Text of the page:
Why war? Why now? Those are the questions President Bush's critics keep asking, but the critics are not alone in wanting answers. Most voters tell pollsters they're uneasy about moving too quickly toward war. And, though they strongly back the president's policy toward Iraq, they'd like to see more evidence against Saddam Hussein before the U.S. military moves on Baghdad.
But to "Why war?" there is a group of intellectuals and foreign policy experts who answer, "This war is long overdue." Saddam, they argue, has violated the terms of settlement of the last conflict and should be made to pay the consequences.
Beyond that, these advocates of action have for years seen the ouster of the Iraqi leader as the first step in the redrawing of the map of the Middle East. They visualize the creation of a democratic Arab state, which would help spread democracy throughout the region. That, they believe, could result in more stable regimes governing the oil fields.
President Clinton made regime change in Iraq one of his foreign policy objectives, but did not move to invade. As years passed after the Persian Gulf War, Saddam grew stronger. Even so, President Bush told the press last week, his administration decided against invasion as well, choosing instead to draft a plan for "smart sanctions" against Iraq. Then came Sept. 11.
"After Sept. 11, the doctrine of containment just doesn't hold any water," the president said at a press conference. "The strategic view of America changed after Sept. 11. We must deal with threats before they hurt the American people again."
And there is the answer to "Why now?" The president and his advisors live with the horrible fact that the greatest terrorist action against America came on their watch. The nightmare of another attack, and the prospect of being held responsible, haunts them. When critics at home and abroad look at the situation, they ask, "Where's the evidence against Saddam Hussein?" To the people running the country when terrorism struck, the answer is simple: The Iraqi dictator wants harm to befall the United States; he has shown in the past he's willing to use horrendous weapons, and no one believes he's telling the truth about destroying those weapons.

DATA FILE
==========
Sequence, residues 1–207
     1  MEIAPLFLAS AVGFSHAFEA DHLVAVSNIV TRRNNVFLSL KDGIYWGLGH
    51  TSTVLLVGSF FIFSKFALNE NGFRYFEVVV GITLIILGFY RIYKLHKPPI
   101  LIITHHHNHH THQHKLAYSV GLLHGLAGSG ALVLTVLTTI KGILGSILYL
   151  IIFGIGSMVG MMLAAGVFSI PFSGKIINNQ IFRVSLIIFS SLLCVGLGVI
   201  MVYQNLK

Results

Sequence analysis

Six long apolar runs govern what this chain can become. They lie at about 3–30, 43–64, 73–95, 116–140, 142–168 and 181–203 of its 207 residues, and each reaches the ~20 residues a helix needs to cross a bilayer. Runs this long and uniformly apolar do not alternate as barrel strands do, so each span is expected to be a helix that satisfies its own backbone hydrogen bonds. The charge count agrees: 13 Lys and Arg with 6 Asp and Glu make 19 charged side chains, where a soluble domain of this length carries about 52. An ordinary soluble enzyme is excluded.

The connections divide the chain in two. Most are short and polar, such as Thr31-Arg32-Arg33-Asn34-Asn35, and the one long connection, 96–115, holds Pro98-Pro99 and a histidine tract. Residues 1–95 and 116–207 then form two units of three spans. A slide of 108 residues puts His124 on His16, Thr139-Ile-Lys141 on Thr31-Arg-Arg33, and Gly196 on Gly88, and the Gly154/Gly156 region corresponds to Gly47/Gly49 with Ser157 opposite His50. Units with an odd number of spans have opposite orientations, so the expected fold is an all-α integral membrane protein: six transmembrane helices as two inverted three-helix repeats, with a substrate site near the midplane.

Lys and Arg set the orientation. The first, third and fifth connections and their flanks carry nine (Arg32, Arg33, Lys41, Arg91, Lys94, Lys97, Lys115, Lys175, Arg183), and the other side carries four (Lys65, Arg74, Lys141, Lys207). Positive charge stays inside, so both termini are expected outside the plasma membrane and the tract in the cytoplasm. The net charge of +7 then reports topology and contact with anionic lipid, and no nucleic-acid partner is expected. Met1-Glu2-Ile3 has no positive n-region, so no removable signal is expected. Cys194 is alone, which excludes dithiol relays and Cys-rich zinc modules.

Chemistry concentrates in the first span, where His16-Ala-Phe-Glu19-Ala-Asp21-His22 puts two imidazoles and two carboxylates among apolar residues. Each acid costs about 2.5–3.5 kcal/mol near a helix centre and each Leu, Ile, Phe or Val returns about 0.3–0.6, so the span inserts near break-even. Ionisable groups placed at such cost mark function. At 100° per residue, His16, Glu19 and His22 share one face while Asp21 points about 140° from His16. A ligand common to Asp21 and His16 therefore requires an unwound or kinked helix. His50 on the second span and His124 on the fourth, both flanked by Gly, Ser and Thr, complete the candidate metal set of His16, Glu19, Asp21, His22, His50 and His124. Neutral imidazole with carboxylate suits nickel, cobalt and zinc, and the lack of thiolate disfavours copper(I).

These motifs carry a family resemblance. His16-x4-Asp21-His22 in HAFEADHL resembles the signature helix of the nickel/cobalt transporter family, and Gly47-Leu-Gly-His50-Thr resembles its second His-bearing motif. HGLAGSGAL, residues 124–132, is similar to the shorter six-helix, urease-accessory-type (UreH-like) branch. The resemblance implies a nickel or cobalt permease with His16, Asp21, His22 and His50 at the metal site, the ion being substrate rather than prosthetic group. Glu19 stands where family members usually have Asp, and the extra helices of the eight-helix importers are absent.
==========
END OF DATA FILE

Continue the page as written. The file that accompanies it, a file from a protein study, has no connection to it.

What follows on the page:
That's enough evidence anyone needs in the Sept. 11 world, as far as the White House is concerned. On the day of the attacks, the president said last week, we learned we are vulnerable, and that the worst attacks could come from someone with access to weapons of mass destruction. Saddam Hussein, Bush added, "would like nothing more than to use a terrorist network to attack and to kill and leave no fingerprints behind."
The day after the president spoke, the Columbia blew up, and the first thought was terrorism. It reminded us all of the danger that lies out there. The American people are well aware of the danger. That's why, in the latest ABC News poll, two-thirds say they support attacking Iraq to oust Saddam. More than three-fourths say the reason for an attack would be to protect the United States from terrorist threats.
Democrats must heed those numbers as they press on with the "Why war? Why now?" drumbeat. In a survey conducted by a group of Democratic activists, Republicans scored 30 points higher on the questions of which party does a better job on homeland security.
What, in the end, could be more important? That's President Bush's question as he contemplates putting American soldiers in danger. He stated it clearly last week: "My vision shifted dramatically after Sept. 11 because I now realize the stakes.